This piece of guttering was only just hanging on.
Imagine if it had dropped on someone's head.

Here’s the ‘executive summary' of the detailed process below.
  1. Clean off all flaky gubbins*. (*Technical term.)
  2. Glue the pieces of cast iron together using Repair Care resins.
  3. Paint your guttering. 
  4. Stand back with a cup of tea and gaze in awe at your repair. 

If you really want to know the ins and outs, brew yourself your favourite beverage, sneak a couple of ginger nuts out of the biscuit tin (not a euphemism), and read on.

Stratford upon Avon

Last year I was working for some lovely folk in Stratford upon Avon, redecorating the exterior of their house. There were some relatively new wooden windows which were easy to deal with, but at the front especially there was quite a lot of old timber which had started to rot. 

Timber repair specialist

One of my specialties is doing very durable repairs to exterior timber - that’s another blog post, or ten. But this time I noticed some broken cast iron guttering. Now cast iron is a tricky thing to repair, but as one of the first three Advanced Contractors for Repair Care Timber Repairs in the UK, I knew that their epoxy resin repair system would be just the ticket. 

I’ve lost count of the windows, frames, doors and beams I’ve repaired with Repair Care resins, but I’ve used many thousands of pounds worth of their products, so I’m comfortable with how they behave and I know exactly how they work. 

Scaffolding and the reason for proper preparation

The first step was to remove the guttering so I could give it a good clean, ready to repair. I insist on using scaffolding when working on exteriors - you really can’t do proper preparation off a ladder. Many decorators in the past just used ladders, and that’s one reason why sometimes difficult things - like really proper preparation of cast iron gutters - hasn’t been done for decades. I can usually tell when a decorator has just applied gloss over gloss, with little or no preparation and no undercoat. This just doesn’t work. It’ll eventually peel, and it’ll definitely peel once you start sanding it. Good primers, undercoats and specialist professional metal paints are designed to stick. If you're using regular interior or exterior gloss paint, it will only stick to a proper primer or undercoat, or if you're applying a second coat you can do it within a few days (before it has totally cured, and becomes slick and hard). You cannot just apply gloss paint to old gloss paint - it'll peel eventually, and it'll be a real bugger to sand next time you decorate. I could rant on....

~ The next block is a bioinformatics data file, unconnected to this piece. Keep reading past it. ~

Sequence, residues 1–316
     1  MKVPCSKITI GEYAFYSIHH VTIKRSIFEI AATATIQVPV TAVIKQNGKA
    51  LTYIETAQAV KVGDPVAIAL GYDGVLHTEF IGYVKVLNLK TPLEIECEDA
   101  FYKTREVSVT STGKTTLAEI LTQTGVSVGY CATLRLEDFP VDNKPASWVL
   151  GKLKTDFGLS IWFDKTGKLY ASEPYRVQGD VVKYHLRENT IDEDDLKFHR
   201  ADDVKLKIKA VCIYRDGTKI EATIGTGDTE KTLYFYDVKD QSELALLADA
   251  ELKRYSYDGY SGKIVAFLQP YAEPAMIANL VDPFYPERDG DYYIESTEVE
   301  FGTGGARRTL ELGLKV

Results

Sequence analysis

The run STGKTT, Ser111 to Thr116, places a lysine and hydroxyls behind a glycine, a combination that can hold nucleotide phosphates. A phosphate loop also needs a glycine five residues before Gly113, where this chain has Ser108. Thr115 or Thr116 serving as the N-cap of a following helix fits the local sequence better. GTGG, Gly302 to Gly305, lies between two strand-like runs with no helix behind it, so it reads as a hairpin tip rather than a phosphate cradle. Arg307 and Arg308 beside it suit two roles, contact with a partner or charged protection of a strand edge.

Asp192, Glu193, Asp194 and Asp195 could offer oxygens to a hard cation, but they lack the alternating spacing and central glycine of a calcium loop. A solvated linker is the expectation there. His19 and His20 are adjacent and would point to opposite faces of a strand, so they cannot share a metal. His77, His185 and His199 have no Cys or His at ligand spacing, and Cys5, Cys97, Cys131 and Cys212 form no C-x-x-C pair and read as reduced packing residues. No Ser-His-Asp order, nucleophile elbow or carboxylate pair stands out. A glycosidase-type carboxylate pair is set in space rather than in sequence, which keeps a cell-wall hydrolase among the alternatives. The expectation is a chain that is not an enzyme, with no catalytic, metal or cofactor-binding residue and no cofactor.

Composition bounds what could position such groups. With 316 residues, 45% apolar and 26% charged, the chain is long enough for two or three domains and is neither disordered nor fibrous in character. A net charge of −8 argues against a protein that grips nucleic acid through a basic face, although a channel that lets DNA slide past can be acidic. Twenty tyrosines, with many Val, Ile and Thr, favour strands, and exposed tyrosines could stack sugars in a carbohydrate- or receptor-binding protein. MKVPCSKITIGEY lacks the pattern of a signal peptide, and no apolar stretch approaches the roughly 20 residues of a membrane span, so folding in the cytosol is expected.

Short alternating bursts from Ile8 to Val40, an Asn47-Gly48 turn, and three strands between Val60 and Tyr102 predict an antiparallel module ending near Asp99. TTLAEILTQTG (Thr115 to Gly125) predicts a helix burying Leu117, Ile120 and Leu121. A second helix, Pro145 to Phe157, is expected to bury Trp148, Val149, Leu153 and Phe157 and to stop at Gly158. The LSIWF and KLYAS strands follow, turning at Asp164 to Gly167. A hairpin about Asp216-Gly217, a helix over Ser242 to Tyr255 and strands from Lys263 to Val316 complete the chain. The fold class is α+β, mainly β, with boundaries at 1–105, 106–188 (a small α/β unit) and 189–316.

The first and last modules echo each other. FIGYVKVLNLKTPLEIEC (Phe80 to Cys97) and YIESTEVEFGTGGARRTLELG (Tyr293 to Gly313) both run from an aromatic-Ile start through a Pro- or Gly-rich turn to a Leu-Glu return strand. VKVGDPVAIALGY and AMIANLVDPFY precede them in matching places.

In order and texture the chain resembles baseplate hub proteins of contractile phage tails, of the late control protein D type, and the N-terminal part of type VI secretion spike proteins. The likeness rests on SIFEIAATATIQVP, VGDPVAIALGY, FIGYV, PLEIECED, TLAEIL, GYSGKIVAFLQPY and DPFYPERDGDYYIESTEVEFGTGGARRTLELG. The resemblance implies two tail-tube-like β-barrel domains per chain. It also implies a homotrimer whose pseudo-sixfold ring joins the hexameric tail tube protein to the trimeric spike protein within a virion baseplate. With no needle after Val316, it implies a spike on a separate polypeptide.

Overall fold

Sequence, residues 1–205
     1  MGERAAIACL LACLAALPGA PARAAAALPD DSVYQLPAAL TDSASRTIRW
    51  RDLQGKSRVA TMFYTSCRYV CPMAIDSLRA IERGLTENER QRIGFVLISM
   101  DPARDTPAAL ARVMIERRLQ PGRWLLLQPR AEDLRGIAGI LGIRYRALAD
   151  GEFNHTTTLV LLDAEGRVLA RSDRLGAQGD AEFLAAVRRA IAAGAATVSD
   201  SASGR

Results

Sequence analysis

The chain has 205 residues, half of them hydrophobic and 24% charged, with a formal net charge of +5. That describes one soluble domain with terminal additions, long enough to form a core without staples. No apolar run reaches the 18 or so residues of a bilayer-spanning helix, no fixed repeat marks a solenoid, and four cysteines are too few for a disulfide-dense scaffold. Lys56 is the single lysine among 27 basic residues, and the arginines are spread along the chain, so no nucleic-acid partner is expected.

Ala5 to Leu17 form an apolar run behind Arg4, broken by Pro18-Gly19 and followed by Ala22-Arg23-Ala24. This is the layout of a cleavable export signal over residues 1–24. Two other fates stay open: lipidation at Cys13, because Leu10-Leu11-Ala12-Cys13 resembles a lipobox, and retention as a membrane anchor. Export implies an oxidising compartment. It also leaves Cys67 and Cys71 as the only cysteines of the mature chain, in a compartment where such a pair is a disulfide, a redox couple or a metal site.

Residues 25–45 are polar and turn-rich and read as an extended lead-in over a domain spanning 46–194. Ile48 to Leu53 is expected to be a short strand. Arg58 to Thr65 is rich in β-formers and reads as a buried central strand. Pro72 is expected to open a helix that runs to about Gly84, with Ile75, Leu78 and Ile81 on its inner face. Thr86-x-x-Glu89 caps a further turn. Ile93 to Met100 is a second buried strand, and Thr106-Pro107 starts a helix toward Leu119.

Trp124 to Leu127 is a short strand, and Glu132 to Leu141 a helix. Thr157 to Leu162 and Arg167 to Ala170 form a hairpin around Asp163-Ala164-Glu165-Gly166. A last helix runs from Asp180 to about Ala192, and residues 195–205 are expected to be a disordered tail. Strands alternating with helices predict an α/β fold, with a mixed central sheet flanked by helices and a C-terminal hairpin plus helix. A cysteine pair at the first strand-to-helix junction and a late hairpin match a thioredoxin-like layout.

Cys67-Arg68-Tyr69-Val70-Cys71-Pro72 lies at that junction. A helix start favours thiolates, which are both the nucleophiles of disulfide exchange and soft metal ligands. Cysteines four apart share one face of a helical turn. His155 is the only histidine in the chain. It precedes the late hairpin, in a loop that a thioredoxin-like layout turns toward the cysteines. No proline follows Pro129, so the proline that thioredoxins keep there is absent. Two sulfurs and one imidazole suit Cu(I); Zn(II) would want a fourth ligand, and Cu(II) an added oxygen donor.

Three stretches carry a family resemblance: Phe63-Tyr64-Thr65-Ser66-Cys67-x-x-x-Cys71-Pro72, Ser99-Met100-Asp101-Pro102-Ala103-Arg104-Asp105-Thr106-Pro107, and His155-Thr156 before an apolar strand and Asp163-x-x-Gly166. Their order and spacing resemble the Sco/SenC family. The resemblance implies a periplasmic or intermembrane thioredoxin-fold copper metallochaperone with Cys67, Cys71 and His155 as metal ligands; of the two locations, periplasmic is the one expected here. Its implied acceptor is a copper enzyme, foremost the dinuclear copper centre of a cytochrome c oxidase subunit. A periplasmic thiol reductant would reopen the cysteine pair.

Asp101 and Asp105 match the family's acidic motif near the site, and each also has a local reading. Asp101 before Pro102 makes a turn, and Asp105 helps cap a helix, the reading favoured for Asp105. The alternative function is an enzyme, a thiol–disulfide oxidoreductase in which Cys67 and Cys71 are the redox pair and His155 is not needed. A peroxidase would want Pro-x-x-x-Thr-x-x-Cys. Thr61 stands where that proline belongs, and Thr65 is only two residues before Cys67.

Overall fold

Suffice to say, these gutters hadn’t been cleaned out for decades, and they’d been glossed over gloss - so when I sanded I got multiple laminates of gloss peeling off gloss - a right bugger! One of my mantras is that if you do something right, it’ll be easier to do next time. So do the preparation right, do the painting right, use the best products - and not only will everything last longer, but it'll be easier to maintain and redecorate the next time.